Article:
Joint guidance to prepare for adverse weather in winter: EUROCONTROL and ACI EUROPE release new report

Preparing for winter 2023 - cover banner

EUROCONTROL and ACI EUROPE have just released a guide for airports to prepare for adverse weather conditions typically encountered during the winter.

With a changing climate, such challenges are becoming ever more pressing, additionally affecting airports in regions that traditionally had not been exposed to severe winter weather conditions, or other adverse weather conditions for prolonged periods of time. Produced in close collaboration with representatives from airports, air navigation service providers, airlines and aviation staff and trade associations, the guide has been developed by the European Climate Change Adaptation Working Group, which was set up in 2022 by EUROCONTROL and ACI EUROPE joined by 37 partner organisations with the aim of preparing the European aviation sector for the impacts of climate change.

“Climate change is already today triggering increased extreme weather conditions that are impacting aviation operations. As part of EUROCONTROL’s corporate “Raising the Bar” Programme it is our priority to support the aviation sector in best preparing for adverse weather conditions to avoid disruption of service. The new guide published today maps the possible challenges and possible actions to assist airports as they are getting ready for the possibility of extreme weather conditions this winter.”

Marylin Bastin Head of Aviation Sustainability EUROCONTROL

Weather is usually uncertain, but it is always good to be prepared. Winter weather brings numerous risks for aviation, and taking proactive action helps avoid later problems.

“As critical infrastructure, airports face unique challenges in responding to extreme weather events, especially as they become more frequent and acute due to climate change. The individual resilience of airports has the potential to impact the functioning of the whole aviation network. Mindful of this fact, together with EUROCONTROL and members of our joint European Climate Change Adaptation Working Group, we want to raise awareness of the risks faced by European aviation due to adverse weather and underline the considerable investments needed to adapt our infrastructure. The stability of aviation operations and our business continuity depend upon the level of resilience reached across the entire network.”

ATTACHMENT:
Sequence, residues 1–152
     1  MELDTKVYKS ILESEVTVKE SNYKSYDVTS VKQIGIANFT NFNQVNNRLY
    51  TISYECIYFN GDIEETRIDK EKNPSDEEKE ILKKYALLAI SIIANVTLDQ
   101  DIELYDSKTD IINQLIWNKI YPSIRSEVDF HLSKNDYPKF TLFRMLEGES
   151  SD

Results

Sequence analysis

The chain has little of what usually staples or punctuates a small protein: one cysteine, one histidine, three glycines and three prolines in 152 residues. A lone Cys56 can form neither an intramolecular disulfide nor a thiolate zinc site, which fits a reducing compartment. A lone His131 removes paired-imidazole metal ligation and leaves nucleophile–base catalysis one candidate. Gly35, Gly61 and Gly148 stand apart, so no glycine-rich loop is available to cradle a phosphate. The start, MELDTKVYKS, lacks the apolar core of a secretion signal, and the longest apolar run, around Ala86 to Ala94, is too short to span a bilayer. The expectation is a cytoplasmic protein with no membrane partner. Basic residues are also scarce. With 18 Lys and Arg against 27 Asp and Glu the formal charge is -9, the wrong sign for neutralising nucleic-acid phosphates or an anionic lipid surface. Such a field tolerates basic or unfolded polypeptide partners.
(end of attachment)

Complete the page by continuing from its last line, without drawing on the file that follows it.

Aidan Flanagan Director of Airport Capacity and Operations ACI EUROPE

The "Aviation Preparations for Winter 2023 Adverse Weather" report follows on from the guidance that was produced by the European Climate Change Adaptation Working Group for extreme summer weather, which was published ahead of summer 2023.

Background on the European Climate Change Adaptation Working Group

The Working Group's aim is to tackle together the need for aviation to increase its resilience and to adapt to the risks of climate change. Jointly led by EUROCONTROL and ACI EUROPE, the Working Group currently has 33 member organisations. Representatives meet 3-4 times per year and share expertise and best practices on how to avoid or reduce operational, infrastructure, business and safety risks for the European air traffic management caused by climate change impact. If your organisation is interested in joining the Working Group, please contact Rachel Burbidge.

Latest highlights

Press release

EASA & EUROCONTROL sign MoC to enhance cooperation for the safe and sustainable future of European aviation

Dorothea von Boxberg

New EUROCONTROL #RTAB podcast: Dorothea von Boxberg, CEO of Brussels Airlines, shares her views on the aviation business, sustainability and preparing for busy summer traffic

EUROCONTROL Stakeholder Forum on projecting FUA evolution through the lens of leading international organisations in civil-military cooperation in aviation

Magda Kopczyńska

From rhetoric to action: accelerating the twin transition in aviation

Jan Pie

What it takes to maintain Europe's competitive edge in aeronautics and ATM

News around the world

Aviation sustainability developments from around the world